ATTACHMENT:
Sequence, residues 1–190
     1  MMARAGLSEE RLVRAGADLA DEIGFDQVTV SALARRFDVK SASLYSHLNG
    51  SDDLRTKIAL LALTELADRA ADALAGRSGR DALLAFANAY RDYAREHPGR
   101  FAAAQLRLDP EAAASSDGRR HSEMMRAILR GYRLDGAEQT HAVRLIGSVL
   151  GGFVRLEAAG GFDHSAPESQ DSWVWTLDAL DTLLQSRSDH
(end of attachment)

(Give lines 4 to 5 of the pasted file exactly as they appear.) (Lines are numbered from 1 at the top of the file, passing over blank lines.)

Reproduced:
   101  FAAAQLRLDP EAAASSDGRR HSEMMRAILR GYRLDGAEQT HAVRLIGSVL
   151  GGFVRLEAAG GFDHSAPESQ DSWVWTLDAL DTLLQSRSDH